Types of Stroke: What is a Stroke? Stroke Symptoms and Signs

There are two primary types of stroke called Ischemic and Hemorrhagic stroke.

There are also two secondary types of stroke called a TIA and Silent Stroke. TIA stands for Transient Ischemic Attack, and this type of stroke is also known as “mini-strokes. “

Ischemic Stroke

Ischemic stroke is responsible for the vast majority of stroke cases worldwide. Statistics say anywhere from 82% to 88% of strokes are caused by Ischemic stroke.

Ischemic strokes occur because of a blockage (or blood clot) within a blood vessel or artery that supplies the brain with oxygen and glucose. Without oxygen and glucose being supplied to the brain, cells within the brain begin to die rapidly. The underlying cause for most Ischemic stroke cases is atherosclerosis – or the buildup of fat deposits within blood vessel structures.

As a result of these fat deposit buildups, there can be two root causes for Ischemic stroke:

  1. Thrombosis
  2. Embolism


Thrombosis is a blood clot that occurs where fatty deposits clog a blood vessel.


Embolism is a blood clot that forms somewhere else in the bloodstream. The clot or part of the clot can break loose and travel through the bloodstream until it reaches a blood vessel that is too narrow or obstructed to allow the clot to pass, causing a blockage.

Most embolisms are formed near the heart or other large arteries within the body and are often the result of an irregular heartbeat (known as Atrial Fibrillation). It is important to know or find out if you have an irregular heartbeat to prevent embolisms from occurring.

Transient Ischemic Attack

A Transient Ischemic Attack is a temporary episode of weakness or paralysis due to a very short-term blood flow blockage to the brain. Transient Ischemic Attack is not a true stroke because the symptoms are temporary and typically conclude within 24 hours, and does not cause permanent brain damage or disability. TIA is a risk factor for having more traumatic strokes in the future or silent strokes.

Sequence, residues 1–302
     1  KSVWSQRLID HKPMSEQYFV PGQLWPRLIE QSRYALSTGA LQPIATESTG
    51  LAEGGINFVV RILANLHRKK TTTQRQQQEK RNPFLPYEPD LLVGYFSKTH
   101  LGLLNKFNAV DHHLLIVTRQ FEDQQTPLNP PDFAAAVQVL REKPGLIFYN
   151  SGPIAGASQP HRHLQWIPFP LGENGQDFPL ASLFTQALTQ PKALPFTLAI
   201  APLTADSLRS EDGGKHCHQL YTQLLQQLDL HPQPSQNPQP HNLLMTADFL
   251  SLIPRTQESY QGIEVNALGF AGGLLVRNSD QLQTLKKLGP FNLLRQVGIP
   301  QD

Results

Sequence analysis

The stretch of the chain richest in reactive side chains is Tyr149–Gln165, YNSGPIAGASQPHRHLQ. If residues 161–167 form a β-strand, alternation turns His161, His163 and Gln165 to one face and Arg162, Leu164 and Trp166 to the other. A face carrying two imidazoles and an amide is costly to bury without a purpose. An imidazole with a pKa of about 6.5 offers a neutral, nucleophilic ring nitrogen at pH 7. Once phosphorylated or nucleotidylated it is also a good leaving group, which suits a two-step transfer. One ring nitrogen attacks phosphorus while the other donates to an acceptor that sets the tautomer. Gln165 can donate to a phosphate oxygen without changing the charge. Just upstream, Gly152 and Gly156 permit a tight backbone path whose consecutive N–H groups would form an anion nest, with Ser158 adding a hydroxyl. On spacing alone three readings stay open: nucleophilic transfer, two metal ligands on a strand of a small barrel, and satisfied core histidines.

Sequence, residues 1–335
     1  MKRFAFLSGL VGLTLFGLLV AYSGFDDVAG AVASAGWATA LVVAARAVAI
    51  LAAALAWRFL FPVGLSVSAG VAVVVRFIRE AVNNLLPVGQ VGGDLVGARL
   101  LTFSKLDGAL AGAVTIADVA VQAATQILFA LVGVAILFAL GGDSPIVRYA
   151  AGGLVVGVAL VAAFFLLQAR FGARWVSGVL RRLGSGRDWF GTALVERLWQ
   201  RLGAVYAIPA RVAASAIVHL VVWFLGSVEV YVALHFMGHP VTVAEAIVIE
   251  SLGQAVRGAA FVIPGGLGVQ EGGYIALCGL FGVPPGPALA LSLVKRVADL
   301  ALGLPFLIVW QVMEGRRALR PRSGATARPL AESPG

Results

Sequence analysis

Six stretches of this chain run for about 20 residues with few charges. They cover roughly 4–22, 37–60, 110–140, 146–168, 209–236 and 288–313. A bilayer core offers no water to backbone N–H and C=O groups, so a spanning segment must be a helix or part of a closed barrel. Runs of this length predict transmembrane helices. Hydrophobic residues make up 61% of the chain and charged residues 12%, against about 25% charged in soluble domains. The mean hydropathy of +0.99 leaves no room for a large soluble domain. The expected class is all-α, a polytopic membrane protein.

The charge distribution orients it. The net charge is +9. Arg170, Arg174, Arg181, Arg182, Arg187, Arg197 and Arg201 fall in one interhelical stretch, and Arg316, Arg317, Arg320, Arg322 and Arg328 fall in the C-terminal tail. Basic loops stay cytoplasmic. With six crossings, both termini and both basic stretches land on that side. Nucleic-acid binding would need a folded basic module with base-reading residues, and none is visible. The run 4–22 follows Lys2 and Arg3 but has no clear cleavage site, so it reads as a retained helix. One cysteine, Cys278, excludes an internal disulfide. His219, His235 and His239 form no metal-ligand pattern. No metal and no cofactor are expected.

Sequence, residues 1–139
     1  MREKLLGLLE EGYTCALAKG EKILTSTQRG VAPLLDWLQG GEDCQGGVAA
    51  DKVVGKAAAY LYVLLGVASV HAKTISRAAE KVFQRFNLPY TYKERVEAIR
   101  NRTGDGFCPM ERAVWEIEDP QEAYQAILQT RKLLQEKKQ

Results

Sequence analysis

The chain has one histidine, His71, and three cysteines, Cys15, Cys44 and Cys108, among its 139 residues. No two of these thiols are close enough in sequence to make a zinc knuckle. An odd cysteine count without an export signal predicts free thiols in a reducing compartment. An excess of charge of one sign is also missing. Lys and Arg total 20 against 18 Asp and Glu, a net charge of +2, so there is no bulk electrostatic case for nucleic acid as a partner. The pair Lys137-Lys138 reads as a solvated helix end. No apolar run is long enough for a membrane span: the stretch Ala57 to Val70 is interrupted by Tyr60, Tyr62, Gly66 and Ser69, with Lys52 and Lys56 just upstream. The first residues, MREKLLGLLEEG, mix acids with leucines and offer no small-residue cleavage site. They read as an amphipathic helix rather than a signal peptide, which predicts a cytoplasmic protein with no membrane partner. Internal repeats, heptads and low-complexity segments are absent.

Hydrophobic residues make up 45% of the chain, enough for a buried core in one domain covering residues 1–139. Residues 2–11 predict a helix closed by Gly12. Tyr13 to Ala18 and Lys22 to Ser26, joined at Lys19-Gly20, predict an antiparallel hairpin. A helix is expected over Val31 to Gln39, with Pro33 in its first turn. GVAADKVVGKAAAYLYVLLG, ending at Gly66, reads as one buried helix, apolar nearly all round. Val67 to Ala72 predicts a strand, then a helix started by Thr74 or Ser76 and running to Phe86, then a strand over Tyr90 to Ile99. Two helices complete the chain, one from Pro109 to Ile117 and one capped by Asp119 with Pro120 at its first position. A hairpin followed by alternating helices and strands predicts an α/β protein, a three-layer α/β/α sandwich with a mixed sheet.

Silent Stroke

A Silent stroke is a type of stroke that has no symptoms. A person may lose blood flow or hemorrhage in the brain without even knowing that a minor stroke occurred. These types of strokes can be detected via neuroimaging tools such as a CT scan, resulting in verifiable lesions on or within the brain. A person who has suffered Silent Stroke is at risk of having Transient Ischemic Attacks or a major Ischemic or Hemorrhagic stroke.

Hemorrhagic Stroke

A “hemorrhage” is another word for bleeding. In this type of stroke, a hemorrhage or bleeding occurs within the brain due to a weakened or ruptured blood vessel. Hemorrhagic is much less common than Ischemic Stroke and accounts for approximately 10%-18% of stroke cases worldwide.

Many types of conditions affect blood vessels. Here we will list the three most common reasons why a hemorrhage in a blood vessel may occur.

  • Uncontrolled high blood pressure (also known as Hypertension)
  • Aneurysms or weak spots in a blood vessel wall
  • Arteriovenous Malformation (known as AVM) rupture. This is more uncommon and is an abnormal “tangle” of blood vessels that is genetic, and a person is born with.

There are two sub-types of Hemorrhagic Stroke:

  1. Intracerebral Hemorrhage
  2. Subarachnoid Hemorrhage

Intracerebral Hemorrhage

Intracerebral hemorrhage is a type of hemorrhagic stroke where a blood vessel ruptures in the brain and begins to bleed into the nearby brain and kill nearby tissues. Adjacent tissue and cells are also damaged. Hypertension or high blood pressure is the primary root cause of an Intracerebral hemorrhage.

Small arteries within your brain become weakened over time due to prolonged pressure and can burst or break. It is important to monitor and control your blood pressure to prevent this type of hemorrhage.

Subarachnoid Hemorrhage

Subarachnoid is a scientific name for the space between your brain and your skull. A Subarachnoid Hemorrhage is another type of hemorrhagic stroke most commonly caused by the bursting or rupture of an aneurysm at or near the brain surface.

The bleeding subsequently creates pressure on the brain’s surface and can cut off oxygen and blood flow to nearby brain tissues.